John Adams collaborated with his cousin, revolutionary leader Samuel Adams, but he established his own prominence prior to the American Revolution.
After the Boston Massacre, he provided a successful (though unpopular) legal defense of the accused British soldiers, in the face of severe local anti-British sentiment and driven by his devotion to the right to counsel and the "protect[ion] of innocence".
In his single term as president, he encountered fierce criticism from the Jeffersonian Republicans, as well as the dominant faction in his own Federalist Party, led by his rival Alexander Hamilton.
Adams signed the controversial Alien and Sedition Acts, and built up the army and navy in the face of an undeclared naval "Quasi-War" with France.
Being busy and burying your head in emails and work projects provides a great escape from having to deal with the fundamentals in life such as personal fulfilment, quality relationships and a satisfying sense of direction in life.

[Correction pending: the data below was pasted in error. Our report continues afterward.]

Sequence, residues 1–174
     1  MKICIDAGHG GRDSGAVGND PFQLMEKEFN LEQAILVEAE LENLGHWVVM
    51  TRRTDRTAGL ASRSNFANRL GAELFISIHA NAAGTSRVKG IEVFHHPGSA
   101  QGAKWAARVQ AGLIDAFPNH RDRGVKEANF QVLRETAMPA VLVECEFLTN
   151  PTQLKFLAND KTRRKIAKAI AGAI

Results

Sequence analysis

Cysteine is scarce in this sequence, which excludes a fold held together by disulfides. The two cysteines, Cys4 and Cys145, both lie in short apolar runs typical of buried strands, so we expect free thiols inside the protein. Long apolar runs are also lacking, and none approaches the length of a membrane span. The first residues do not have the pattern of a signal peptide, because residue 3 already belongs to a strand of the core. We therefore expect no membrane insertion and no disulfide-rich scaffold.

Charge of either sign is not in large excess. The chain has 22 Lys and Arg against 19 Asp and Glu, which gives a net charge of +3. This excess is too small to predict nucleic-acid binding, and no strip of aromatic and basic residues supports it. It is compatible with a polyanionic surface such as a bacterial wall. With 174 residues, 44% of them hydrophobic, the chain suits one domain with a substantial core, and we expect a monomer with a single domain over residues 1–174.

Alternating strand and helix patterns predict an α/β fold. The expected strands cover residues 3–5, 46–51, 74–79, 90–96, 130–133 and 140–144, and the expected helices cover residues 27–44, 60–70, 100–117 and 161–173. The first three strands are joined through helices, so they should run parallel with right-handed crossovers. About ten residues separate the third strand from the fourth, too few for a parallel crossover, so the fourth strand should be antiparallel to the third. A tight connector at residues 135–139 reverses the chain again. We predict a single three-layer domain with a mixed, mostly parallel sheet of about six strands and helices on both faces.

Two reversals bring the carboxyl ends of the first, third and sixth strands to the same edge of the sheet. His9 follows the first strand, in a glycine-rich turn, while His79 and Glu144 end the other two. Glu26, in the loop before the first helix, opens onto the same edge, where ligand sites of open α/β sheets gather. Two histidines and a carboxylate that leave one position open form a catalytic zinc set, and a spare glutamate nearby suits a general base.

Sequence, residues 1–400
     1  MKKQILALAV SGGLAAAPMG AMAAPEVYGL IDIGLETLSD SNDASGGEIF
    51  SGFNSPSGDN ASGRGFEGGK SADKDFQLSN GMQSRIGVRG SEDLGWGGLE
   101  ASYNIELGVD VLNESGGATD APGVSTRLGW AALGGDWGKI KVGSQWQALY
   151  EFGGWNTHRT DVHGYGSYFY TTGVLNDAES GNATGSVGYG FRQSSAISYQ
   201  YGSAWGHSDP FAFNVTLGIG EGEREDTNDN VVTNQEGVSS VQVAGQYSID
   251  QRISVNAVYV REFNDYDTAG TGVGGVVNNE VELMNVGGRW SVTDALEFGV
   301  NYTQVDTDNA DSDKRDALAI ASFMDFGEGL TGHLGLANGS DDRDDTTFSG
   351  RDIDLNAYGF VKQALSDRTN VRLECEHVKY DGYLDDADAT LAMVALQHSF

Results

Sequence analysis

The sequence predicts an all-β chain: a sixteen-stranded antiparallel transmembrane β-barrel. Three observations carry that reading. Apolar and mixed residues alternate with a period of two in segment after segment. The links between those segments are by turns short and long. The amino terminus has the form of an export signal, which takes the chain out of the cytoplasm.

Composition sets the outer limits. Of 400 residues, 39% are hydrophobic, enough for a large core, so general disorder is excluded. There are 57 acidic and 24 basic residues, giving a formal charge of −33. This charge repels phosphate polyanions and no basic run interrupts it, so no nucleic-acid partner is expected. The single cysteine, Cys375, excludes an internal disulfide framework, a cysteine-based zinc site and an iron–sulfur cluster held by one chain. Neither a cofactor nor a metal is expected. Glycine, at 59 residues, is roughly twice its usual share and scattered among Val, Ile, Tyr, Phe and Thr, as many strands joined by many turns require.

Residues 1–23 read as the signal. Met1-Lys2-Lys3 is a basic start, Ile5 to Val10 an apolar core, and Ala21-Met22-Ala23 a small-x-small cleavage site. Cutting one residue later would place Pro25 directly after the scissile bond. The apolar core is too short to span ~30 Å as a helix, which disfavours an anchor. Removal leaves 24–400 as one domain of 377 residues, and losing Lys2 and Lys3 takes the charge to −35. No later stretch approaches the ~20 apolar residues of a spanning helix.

Many people bury themselves in work and use this as an excuse to bumble along and not deal with more important issues such as their personal relationships and even their own happiness.
This influenced the development of America's own constitution, as did his earlier Thoughts on Government (1776).
Adams's credentials as a revolutionary secured for him two terms as President George Washington's vice president (1789 to 1797) and also his own election in 1796 as the second president.
As a result, there is a greater need than ever for people to find ways to escape in order maintain mental and emotional stability.
Society frowns on people opting out and shunning corporate ladders and office politics.
Psychological therapies go a long way to easing the urge to escape and can teach individuals to emotionally regulate in better ways and deal with distress in a more tolerant manner.
Positive forms of escape include meditation and mindfulness.
There are so many forms of escapism, anything in extremes suggests a possible issue.